Contributing Monkie G Living Staff Monkies
Published on February 15, 2008
Filed Under Green Report / Media
<My only quandary after attending the Outdoor Retailer Conference is finding a way to capture the essence of the event in just a few paragraphs. The conference, which converged on Salt Lake City last month, represented the $289 billion dollar outdoor industry and featured major players like Patagonia and Timberland.
From the moment you entered, you could see that green was a major theme, beginning with the Green Steps Initiative, whereby companies could pay a $500-$2,500 premium on their booth to stand out from the crowds and display a green footprint in front of their booth that highlighted their environmental prowess. All net proceeds from these premiums would be used to buy wind credits to offset the environmental cost of the show. Here’s an additional green thought: maybe the show should offset its footprint in full anyway — from regular booth fees — simply as a cost of doing business. And maybe they could even discount prices for companies leading the way in environmental stewardship instead of charging them a premium? But overall, the intent is good, and I’m sure the program will continue to be refined and grow in participation with each show.
In any case, the message was clear that major attention needs to be paid to all stages of a product’s lifecycle with regards to its overall environmental impact. Throughout the space were posters, banners and personnel promoting various green, ecological and environmental initiatives versus the core brand. But of course, the devil is in the detail, and facts often lead to more questions: Just what is an environmentally-friendly fabric? And does it maintain the same level of performance? What about wool? Is it sustainable? And who’s monitoring all this?
I may not have the answers, but I can report the determination I saw in the faces of company bigwigs, consultants, press and interested parties at several eco-focused discussions. The outdoor industry is pulling together a multi-team panel to develop an eco-index to help make the complicated process of greener products more clear to the consumer. Not an easy task, for sure, but with visible commitment from trusted brands like REI, Timberland, New Balance, Levi’s, Go Lite, Merrell and others, resources and brain power shouldn’t be a barrier.
But while companies are heading in the right direction, I look forward to the day when environmentally forward products dominate the shelves and all companies believe in a multiple bottom line in which profitable favorites and green items are one and the same. And I believe this will happen. Meanwhile, there are a handful of companies who are already giving it their eco-all. And, in my opinion, they deserve a mention. (Hell, they deserve an award.)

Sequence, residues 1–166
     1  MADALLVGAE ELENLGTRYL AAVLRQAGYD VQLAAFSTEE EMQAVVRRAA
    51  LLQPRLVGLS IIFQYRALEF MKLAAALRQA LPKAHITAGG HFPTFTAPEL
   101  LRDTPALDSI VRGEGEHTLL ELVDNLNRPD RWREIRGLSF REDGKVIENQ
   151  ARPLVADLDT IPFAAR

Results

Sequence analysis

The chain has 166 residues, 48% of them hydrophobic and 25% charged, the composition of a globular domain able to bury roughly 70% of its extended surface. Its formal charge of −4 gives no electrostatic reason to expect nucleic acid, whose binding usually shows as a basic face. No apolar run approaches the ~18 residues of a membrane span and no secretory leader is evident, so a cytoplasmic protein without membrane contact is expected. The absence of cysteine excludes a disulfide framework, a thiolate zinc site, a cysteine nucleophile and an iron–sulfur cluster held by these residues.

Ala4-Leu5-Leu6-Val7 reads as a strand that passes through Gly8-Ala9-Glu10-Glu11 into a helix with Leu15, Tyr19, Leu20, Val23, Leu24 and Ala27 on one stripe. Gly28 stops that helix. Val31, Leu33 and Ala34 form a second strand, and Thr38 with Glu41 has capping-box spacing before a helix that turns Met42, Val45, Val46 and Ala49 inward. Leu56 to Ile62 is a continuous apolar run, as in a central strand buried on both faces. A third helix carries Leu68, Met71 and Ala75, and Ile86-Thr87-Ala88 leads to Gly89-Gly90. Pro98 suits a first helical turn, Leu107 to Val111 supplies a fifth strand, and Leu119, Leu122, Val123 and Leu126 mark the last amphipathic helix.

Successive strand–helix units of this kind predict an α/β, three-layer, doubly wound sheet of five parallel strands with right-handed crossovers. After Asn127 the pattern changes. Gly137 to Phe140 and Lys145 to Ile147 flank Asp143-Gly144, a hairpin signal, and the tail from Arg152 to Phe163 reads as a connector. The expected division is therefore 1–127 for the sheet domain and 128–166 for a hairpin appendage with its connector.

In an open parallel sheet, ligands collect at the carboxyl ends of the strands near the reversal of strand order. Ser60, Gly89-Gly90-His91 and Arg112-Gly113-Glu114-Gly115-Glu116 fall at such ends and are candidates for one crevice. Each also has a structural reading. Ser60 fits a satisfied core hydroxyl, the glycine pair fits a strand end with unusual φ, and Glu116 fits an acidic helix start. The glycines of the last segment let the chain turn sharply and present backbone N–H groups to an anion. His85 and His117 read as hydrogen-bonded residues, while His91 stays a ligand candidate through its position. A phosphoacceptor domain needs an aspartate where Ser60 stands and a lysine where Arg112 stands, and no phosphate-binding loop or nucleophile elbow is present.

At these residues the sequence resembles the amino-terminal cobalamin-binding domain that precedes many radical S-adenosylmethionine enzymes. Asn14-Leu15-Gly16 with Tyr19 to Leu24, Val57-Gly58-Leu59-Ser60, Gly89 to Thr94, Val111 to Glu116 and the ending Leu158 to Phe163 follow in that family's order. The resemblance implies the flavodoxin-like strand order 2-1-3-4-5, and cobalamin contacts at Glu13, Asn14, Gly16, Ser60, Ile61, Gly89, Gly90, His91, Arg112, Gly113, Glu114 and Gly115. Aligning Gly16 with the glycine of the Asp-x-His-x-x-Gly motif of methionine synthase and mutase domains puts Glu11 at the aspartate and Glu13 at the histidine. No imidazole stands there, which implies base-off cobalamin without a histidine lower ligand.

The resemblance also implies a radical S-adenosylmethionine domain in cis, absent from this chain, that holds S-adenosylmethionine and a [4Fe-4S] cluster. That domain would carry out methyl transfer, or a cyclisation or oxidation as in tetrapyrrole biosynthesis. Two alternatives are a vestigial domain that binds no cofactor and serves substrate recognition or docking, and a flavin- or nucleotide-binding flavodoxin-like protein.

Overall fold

Which brings me to the “Coolest Small Fry Soon To Be on the Heels of the Big Guys” award. This goes to Outdoor Retailer first-timer Merle O’Brien, whose one-woman enterprise has created a wonderful line of handbags from unused yoga mat scraps. Companies that make cool stuff from trash (like hers and Tom Szaky’s Terracycle) always make me smile.
The “So Right-On That Everyone Should Take Notes” award goes to Nau. These guys are trying to “change the world one biopolymer fabric at a time” and have custom developed 27 of the first 30 fabrics used in their launch lines. Extremely costly, I’m sure, but done out of their steadfast belief in staying away from environmentally hazardous materials. They’re creating products that will help us live longer on this planet. Which I believe is the only approach.
The “Kick Ass Footwear” award has to be shared, since green footwear is very prevalent these days (a North Face representative told me that green apparel “is starting from the ground up”). One of my favorites is Vibram Five Fingers. It took a few tries to get my foot into this barefoot enabling shell/shoe contraption, but my feet loved me for it. They say you can run a distance in these. I guess I’ll just have to find out.
With their cool, funky designs and use of latex, recycled car tires and hemp, Simple Shoes proves that eco-sneaks work. From a mere two styles at the time of their launch to their current 95% sustainable line, Simple Shoes is a good example of what can be achieved.
EnvironmentallyNeutralDesign (aka END) has a former Nike designer as a co-founder and green in its core. Their shoes blend style, design, performance and sustainability, and the company plans to report on their increased use of sustainable materials until 100% is achieved, thus reaching the END.
While scientists say we have five years to correct the environment, others say it’s already too late. We have the ability to make the change happen now. So, let’s (continue to) get it done.